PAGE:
I never think of Primus as a party band. If anything it’s more cerebral; more psychedelic. There’s a lot of stoned people in the audience looking at us going, “Whoa.” That’s usually my take on it anyway. But the Twang is a lot of the same people in the audience, they just shift gears.

How was Jam Cruise this year?

Parts of it were very enjoyable and parts of it were not, because I had this horrible ear infection. I’ve never had an ear infection before, and I got on the boat and I stayed in my cabin the whole entire time except to get meals and do the shows. The first show was actually a mess; the first show was quite possibly one of the worst shows I’ve ever done in my entire life. But then the second show was fabulous; it was great.

We were both sick actually. It was really kind of weird, the convergence of nonsense that happened for that first couple days. I felt bad that we weren’t giving it our best, but what can you do? Sometimes that happens.

Did you have anybody sit in with you on Jam Cruise?

Yeah, Mike D. [Dillon] was playing with us and Skerik, and Carly [Meyers], Mike D.’s trombone player.

How many times have you played Jam Cruise?

That was actually my fourth time; I was on the original first Jam Cruise when it was a boat not much larger than a tugboat.

Obviously being sick this wouldn’t be one of your more favorite memories with Jam Cruise.

I’m not big on favorites anyway, so it doesn’t really matter. You just kind of cruise through life and sometimes things are better than others. Sometimes they’re better than others for different reasons. Sometimes when you have your worst show, people think it’s your best show. So it sort of depends on your perspective. But we just had a hard time that first night; we were both sick and we couldn’t hear very well and it was just a lot of things; we were having gear problems; it was just the perfect storm of nonsense. Hopefully nobody wants their money back (laughter). But the second night we killed it; the second night we had a great old time.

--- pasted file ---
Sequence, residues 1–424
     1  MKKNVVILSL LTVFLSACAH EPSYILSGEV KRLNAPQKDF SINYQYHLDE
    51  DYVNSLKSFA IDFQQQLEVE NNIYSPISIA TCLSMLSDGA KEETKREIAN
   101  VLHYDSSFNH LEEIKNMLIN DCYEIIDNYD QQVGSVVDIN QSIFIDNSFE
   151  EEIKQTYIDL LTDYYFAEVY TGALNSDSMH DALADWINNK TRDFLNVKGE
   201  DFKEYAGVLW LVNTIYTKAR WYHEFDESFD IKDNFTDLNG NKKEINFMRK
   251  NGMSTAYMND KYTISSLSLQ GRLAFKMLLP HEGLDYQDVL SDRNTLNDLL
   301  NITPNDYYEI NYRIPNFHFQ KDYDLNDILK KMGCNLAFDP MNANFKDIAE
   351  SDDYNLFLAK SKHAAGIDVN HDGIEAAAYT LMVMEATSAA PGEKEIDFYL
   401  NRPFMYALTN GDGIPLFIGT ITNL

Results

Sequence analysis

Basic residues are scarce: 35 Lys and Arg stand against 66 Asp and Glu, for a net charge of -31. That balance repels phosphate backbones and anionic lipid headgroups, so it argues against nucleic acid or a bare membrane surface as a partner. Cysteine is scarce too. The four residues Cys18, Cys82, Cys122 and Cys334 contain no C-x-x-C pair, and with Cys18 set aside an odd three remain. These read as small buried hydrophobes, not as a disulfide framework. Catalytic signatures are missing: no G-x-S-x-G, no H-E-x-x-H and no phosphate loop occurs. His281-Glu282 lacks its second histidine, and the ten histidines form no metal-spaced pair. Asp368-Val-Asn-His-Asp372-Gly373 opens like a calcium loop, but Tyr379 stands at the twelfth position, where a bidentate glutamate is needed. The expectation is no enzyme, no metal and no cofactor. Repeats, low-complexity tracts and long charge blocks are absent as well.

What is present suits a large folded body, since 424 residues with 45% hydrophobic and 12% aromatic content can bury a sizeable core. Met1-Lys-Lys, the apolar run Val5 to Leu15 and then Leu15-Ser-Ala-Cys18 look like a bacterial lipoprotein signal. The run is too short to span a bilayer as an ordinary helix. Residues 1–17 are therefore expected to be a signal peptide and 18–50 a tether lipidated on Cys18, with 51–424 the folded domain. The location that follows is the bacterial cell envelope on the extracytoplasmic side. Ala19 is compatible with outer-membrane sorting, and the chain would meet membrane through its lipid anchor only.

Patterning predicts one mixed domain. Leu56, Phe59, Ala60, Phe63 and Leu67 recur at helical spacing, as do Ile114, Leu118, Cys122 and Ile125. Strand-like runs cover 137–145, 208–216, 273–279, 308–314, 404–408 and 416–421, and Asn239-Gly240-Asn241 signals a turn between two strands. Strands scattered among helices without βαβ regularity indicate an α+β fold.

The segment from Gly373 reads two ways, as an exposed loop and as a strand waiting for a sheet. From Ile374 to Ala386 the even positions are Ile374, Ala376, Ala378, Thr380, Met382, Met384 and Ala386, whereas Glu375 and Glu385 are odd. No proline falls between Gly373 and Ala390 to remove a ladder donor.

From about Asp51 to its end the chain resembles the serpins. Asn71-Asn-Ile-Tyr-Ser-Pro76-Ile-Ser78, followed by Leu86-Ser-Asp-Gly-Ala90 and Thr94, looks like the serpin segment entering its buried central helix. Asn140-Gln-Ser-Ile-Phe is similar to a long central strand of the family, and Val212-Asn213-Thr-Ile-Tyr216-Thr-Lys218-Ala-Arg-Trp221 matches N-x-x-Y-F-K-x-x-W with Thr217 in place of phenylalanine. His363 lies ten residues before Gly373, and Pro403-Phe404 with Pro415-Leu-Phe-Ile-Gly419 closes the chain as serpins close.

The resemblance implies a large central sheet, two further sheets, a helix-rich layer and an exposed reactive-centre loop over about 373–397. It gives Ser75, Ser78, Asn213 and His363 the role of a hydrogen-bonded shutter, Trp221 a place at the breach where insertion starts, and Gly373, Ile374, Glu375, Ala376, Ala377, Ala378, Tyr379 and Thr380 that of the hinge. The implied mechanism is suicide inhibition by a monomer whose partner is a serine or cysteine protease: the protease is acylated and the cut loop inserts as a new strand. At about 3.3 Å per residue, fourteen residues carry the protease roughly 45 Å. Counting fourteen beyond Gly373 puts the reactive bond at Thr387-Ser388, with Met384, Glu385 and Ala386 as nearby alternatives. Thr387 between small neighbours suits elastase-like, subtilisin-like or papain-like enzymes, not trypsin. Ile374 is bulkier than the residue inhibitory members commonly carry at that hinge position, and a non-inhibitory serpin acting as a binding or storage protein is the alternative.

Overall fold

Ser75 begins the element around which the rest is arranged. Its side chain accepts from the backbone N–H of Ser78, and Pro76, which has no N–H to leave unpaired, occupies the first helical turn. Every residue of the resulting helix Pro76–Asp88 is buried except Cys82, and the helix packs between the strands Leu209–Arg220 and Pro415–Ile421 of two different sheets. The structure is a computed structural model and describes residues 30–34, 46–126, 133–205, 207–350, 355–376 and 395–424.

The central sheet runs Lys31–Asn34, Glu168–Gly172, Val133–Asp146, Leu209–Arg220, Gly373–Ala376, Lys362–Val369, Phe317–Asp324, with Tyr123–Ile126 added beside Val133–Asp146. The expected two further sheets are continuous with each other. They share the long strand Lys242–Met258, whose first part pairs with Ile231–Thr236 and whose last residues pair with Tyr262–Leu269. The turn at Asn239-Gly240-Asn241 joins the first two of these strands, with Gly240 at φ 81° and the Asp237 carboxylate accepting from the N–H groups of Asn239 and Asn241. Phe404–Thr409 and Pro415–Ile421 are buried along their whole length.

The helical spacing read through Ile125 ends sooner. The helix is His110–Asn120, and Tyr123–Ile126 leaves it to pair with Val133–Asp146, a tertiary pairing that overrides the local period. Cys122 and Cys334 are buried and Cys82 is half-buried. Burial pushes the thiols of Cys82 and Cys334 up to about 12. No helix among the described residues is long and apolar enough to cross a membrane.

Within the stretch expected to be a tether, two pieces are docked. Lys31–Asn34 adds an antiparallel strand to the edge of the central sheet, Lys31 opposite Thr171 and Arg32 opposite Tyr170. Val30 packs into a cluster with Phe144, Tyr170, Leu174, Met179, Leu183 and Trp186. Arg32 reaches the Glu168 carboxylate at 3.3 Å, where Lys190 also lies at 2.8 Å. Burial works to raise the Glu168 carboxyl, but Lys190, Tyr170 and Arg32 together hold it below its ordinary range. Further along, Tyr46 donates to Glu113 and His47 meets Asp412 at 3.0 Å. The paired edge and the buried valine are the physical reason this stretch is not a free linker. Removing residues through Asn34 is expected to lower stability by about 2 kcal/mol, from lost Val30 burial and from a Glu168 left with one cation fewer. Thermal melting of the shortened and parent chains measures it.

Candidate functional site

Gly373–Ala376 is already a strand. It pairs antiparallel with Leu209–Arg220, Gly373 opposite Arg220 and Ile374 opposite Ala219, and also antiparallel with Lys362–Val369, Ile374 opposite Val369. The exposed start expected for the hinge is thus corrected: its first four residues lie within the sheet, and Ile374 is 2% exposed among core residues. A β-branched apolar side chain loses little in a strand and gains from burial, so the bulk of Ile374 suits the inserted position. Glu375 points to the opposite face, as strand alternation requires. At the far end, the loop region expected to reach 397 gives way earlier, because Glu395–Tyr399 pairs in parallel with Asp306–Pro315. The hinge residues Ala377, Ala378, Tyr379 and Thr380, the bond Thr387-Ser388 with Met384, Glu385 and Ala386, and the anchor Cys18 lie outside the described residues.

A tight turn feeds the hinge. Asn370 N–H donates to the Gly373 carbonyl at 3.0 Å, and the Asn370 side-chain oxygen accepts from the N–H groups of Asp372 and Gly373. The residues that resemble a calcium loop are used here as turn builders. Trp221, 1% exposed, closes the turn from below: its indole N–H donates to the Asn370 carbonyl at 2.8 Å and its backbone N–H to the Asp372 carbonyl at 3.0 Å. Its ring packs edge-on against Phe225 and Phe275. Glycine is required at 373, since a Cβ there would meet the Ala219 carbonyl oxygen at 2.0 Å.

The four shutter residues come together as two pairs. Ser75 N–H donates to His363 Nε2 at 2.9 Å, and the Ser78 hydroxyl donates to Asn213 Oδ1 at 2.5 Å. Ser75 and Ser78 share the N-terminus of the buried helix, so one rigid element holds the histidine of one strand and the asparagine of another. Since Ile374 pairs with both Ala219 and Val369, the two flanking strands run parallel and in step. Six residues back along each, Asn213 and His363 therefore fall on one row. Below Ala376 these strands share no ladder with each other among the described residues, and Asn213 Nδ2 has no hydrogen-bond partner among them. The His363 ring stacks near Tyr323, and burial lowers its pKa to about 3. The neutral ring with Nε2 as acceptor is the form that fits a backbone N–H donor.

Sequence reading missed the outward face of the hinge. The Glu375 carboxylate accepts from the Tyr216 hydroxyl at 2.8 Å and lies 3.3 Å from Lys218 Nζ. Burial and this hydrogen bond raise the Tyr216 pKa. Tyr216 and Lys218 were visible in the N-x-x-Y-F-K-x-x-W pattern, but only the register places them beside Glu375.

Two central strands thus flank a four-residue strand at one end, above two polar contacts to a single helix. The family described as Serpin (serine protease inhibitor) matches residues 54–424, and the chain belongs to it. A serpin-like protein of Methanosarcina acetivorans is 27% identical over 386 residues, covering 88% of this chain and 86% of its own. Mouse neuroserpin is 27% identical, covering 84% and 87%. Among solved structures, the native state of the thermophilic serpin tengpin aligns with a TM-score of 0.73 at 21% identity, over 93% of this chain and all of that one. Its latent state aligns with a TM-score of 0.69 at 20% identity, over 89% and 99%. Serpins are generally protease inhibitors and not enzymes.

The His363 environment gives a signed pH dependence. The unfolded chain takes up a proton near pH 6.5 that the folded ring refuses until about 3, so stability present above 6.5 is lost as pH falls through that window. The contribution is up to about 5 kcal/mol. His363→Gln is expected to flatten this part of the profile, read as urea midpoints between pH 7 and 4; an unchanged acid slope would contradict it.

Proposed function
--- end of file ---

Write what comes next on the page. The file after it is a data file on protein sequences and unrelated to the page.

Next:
Any plans to take the Duo to some festivals this summer?

I don’t know what’s going on. I kind of just go where they tell me to go. I’m sure there’s things being talked about. All that stuff is sort of being set up right now. I’m sure the ol’ Twang will up there twangin’ it up somewhere with the campfire going.

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Comments

There are 2 comments associated with this post

Human February 27, 2014, 17:10:04

Long-time Claypool fan here…...sick or not, the Duo show at JamCruise was absolutely brutal. Some of the most uninspired, messy, lackluster stuff I have heard. I never thought that I would see the day that I walked out of a Claypool show…..but it was unbearable.

adam thomas March 3, 2014, 16:57:47

yes it was, but the sound man was not on his game either…i want my money back! Sike i would never go on JC for Les